Freshman voice: The modern relationship goes “medieval”

Technology and the media play more of a role in relationships than most people may think. While it can bring people together, it just as easily creates distance. I wanted to experiment with how removing certain forms of technology would affect my personal relationship, so for one week my significant other and I decided to only call each other, no texting, and to give up social media completely. It sounded simple at first, but became much more complicated as circumstances changed.

In the beginning of my current relationship, social media seemed like a way for us to grow closer. Before we ever even met, I would scroll through his Instagram photos and he would comment on my pictures. It sounds crazy, but it made meeting him in person for the first time so much less intimidating. I felt like I knew a little more of him because I understood his internet life. Of course, he became so much more than I ever realized, but social media provided a helpful start for me getting to know Bryan. Even now, as we are coming up on one year of dating, it is nice to scroll back through my social media accounts, see how we have grown and remember our “greatest hits” from the past year. Even though this makes social media seem important to the relationship, giving it up actually turned out to be not too difficult for Bryan and me.

(All photo credits to Hannah Broder)

(Photo courtesy of Hannah Broder)

Instead of it being hard for us to abstain from checking our Facebook feeds, we found we had more time to be productive, which is so important in college life. I woke up the first morning of giving up social media, and when I would usually be scrolling for at least an hour, I was making oatmeal and picking up the unfinished book on my bedside table. Before bed, I was journaling instead of sharing with the world about my day. I found all of this to also calm daily anxieties. I was no longer constantly comparing my day to that of those I follow, but instead taking care of my own mind. On the relationship side of it, Bryan and I soon felt like our relationship was becoming more personal. We did not feel like we had to share every portion of our relationship to social media. In this way, we were no longer trying to compare ourselves to other couples or worry about what people thought of us.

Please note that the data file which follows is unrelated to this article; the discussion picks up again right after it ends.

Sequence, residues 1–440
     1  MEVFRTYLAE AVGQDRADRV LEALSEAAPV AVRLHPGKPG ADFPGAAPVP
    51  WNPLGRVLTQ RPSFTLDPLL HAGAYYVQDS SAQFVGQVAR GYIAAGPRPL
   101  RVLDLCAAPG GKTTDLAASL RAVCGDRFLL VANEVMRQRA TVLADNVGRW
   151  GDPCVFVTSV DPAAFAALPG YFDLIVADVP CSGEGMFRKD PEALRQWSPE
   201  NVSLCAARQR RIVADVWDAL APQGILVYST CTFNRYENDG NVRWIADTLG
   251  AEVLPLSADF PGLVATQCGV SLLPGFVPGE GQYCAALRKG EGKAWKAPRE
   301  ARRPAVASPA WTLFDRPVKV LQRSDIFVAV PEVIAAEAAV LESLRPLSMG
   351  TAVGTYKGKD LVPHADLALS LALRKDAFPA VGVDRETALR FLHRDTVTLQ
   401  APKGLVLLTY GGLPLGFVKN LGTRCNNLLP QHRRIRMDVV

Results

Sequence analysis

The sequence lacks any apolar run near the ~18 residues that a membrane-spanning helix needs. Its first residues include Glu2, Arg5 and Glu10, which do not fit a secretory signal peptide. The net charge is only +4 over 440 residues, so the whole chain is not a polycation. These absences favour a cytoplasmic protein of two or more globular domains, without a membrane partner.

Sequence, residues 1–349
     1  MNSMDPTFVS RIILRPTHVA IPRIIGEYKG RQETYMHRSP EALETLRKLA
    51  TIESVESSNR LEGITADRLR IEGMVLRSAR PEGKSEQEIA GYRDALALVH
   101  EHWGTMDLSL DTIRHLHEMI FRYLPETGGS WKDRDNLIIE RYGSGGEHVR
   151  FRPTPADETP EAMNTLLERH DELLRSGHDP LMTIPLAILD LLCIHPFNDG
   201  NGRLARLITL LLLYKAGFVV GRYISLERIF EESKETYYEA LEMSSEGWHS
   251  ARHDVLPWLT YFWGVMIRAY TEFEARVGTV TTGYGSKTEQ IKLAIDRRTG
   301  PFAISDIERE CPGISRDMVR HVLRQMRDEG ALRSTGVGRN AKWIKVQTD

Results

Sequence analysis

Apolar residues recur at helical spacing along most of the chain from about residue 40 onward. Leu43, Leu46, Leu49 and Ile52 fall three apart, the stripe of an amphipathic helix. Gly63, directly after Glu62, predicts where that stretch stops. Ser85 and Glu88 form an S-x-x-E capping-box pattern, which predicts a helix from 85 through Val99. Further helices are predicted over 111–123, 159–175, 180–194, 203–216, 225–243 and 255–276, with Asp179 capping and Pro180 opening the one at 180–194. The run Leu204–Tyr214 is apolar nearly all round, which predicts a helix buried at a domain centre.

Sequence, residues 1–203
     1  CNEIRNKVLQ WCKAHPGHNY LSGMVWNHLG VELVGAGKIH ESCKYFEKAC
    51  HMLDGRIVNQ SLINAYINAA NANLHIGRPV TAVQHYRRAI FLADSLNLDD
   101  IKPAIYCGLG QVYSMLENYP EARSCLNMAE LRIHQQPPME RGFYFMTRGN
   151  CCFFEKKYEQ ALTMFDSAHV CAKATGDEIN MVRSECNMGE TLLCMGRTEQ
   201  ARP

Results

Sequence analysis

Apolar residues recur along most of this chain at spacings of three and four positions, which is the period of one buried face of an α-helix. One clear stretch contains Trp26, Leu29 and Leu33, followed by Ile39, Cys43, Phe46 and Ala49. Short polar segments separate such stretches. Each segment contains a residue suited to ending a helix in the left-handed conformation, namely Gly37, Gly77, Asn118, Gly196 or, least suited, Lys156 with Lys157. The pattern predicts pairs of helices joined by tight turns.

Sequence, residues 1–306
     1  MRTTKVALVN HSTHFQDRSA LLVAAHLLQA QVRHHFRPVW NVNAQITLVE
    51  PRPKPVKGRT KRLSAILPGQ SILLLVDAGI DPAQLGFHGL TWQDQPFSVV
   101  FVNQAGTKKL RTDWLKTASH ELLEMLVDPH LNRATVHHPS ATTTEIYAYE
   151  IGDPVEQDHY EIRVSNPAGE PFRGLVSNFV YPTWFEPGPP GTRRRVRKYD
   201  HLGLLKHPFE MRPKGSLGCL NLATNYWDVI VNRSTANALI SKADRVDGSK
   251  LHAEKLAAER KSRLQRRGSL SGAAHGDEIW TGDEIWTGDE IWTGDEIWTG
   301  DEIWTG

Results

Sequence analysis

Bryan and I met in high school through mutual friends, but we actually went to different schools. We both had crazy working schedules back then, so texting was immediately important to us because we could not see each other as often as we do now. This created a habit of overly consistent texting. Once we moved to Charleston, I began to notice how often we really did text, and how this was something I wanted to change. Once we decided to give up texting, I realized how hard it was to not text every thought that came into my mind. This is how it is in most relationships. We have all texted our every move or just have had pointless small talks, whether with a significant other or best friend. After a week of no texting (well…some texting), I realized how much more exciting my relationship became. I would wake up and be so eager for when my “good morning call” would come through. I began making lists of all the things I wanted to tell him when I saw him next. When we were texting constantly, I would see him and we would run out of things to talk about. It was not because we were losing interest, but because we were constantly sharing EVERYTHING going on through our phones. But in-person conversations connect you differently. They create a different kind of relationship that is more genuine and balanced.

Overall, technology and social media have the power to make or break a relationship. Learning how to balance the right amount of each in your personal life can help create a path for more genuine relationships. In person communication and sharing is so important in modern relationships because of the increase in the number of social media outlets. Take some time out of your day for one on one talks with your significant other or best friend and you will see what a difference it makes.

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'Freshman voice: The modern relationship goes “medieval”' has 1 comment

  1. November 2, 2016 @ 7:56 pm Jenny

    Excellent article, Mara! You really make some excellent points. The art of conversation is slowly becoming archaic and it makes me worry that we will lose all of our social cues in the future.


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